The Harbours Medical Practice in Cockenzie, Lothian and Wester Hailes Medical Practice in Edinburgh are the first practices in Scotland to introduce the initiative and will continue to use the system after a successful two-month pilot.
The new service offers patients a telephone consultation with their GP rather than a face-to-face meeting.
Patients leave their details with the practice and a GP aims to call them back within one to two hours. After this call, the GP will decide in agreement with the patient what needs to happen next.
Dr Peter Cairns, GP at Wester Hailes Medical Practice, added: ‘It positively transforms access to GPs for patients. Patients are able to speak to a doctor any time between 8am and 6pm. We have also found that of those patients who need to see a GP face-to-face, 90% are seen the same day.’
He said the new system worked particularly well for busy practices: ‘There simply weren’t enough appointments. Speaking to patients over the phone means you get work done a lot quicker, leaving more time for complicated cases.'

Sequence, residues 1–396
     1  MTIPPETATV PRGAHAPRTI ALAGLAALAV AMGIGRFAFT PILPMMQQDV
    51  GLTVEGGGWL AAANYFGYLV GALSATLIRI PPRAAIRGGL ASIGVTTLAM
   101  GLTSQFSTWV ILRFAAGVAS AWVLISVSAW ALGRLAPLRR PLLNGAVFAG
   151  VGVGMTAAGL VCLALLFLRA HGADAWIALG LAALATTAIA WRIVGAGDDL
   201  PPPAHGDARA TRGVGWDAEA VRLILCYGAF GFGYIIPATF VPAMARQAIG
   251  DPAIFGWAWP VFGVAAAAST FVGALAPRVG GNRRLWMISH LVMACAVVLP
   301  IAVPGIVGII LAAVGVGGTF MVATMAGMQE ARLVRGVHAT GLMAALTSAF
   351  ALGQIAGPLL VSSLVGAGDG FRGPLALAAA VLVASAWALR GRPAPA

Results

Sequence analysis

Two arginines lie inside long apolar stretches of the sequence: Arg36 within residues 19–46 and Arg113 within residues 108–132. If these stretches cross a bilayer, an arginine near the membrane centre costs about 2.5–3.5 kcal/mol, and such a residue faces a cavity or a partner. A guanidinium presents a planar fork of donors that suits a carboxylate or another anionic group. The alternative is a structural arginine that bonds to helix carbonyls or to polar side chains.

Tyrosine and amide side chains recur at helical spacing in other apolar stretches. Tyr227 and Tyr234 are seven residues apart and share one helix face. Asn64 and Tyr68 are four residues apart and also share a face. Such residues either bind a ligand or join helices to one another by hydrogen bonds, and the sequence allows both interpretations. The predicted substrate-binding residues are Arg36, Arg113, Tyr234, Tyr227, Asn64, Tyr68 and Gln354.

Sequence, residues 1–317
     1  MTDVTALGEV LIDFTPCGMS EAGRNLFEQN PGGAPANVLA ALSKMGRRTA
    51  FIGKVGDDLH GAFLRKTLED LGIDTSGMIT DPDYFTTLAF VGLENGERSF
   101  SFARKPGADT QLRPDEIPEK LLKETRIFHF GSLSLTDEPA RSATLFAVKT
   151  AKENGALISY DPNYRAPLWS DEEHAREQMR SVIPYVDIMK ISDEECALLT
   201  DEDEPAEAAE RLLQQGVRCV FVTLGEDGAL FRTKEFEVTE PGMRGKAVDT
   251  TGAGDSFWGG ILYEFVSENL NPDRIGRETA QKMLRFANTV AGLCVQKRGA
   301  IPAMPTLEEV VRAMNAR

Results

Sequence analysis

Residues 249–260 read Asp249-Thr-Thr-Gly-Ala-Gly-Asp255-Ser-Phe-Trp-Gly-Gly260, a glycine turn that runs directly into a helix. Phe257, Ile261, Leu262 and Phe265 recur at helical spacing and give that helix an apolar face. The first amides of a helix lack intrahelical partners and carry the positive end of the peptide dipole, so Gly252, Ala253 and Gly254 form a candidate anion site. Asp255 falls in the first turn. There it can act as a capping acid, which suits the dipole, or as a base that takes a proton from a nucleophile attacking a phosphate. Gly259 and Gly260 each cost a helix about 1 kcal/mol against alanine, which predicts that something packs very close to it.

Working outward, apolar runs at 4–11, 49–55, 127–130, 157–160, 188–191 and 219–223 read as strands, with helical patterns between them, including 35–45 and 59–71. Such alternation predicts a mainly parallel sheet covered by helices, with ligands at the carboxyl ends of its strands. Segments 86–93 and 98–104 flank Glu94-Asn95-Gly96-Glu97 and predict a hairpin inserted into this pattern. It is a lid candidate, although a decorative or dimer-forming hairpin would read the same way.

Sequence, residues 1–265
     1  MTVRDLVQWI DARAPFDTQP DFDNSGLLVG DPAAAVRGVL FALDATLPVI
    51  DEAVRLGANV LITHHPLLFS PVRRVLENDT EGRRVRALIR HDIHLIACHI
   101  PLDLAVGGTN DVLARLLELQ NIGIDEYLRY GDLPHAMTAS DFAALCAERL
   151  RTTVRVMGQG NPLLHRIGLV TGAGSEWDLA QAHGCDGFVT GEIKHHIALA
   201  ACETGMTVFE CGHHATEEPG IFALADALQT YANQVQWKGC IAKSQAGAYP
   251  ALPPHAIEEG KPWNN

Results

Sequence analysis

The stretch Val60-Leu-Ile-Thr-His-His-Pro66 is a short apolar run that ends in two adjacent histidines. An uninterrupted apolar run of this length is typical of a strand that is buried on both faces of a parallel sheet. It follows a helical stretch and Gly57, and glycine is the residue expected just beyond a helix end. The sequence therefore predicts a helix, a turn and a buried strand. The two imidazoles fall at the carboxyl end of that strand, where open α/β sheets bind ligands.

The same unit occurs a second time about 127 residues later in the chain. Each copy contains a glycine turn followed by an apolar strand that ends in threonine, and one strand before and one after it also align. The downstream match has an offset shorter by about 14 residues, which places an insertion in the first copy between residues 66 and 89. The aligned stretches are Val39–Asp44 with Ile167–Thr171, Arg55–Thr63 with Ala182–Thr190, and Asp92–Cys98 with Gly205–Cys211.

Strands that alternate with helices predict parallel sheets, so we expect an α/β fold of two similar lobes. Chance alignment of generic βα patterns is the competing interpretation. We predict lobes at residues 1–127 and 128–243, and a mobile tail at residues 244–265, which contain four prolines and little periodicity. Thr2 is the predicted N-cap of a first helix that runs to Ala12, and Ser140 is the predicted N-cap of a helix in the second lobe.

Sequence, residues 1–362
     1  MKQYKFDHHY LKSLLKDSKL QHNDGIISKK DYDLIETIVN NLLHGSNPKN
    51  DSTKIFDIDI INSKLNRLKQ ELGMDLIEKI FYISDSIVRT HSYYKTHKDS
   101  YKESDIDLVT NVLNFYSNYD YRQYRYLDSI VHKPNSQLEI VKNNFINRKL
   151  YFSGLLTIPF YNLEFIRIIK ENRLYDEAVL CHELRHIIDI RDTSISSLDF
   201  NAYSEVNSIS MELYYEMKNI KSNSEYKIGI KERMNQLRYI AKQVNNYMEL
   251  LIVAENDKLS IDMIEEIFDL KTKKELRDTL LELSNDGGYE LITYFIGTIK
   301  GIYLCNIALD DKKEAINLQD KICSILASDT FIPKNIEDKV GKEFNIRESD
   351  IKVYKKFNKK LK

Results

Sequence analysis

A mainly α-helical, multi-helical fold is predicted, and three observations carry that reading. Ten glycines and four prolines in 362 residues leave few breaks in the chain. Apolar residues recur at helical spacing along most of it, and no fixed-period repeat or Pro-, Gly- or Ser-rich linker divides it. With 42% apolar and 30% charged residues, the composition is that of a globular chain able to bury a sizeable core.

Early results are promising, he said. ‘The new system has increased our capacity by 10-20%, and our out-of-hours consultation numbers have dropped significantly by 16%. I still see around 20 patients a day in person, which is quite a lot, but I’m also not seeing the other 20 who didn’t need to come in as we spoke to them over the phone.’
Dr Jon Turvill, a GP at The Harbours Medical Practice, said: ‘The feedback from the trial has been very positive, with the majority of patients saying the new system is as good or better than the original system.’
The Scottish government said it will await the pilot results 'with interest' and welcomed 'any initiative that benefits patients'.
Rose Garden Medical Centre in Edinburgh is set to trial the initiative next and other practices have expressed interest.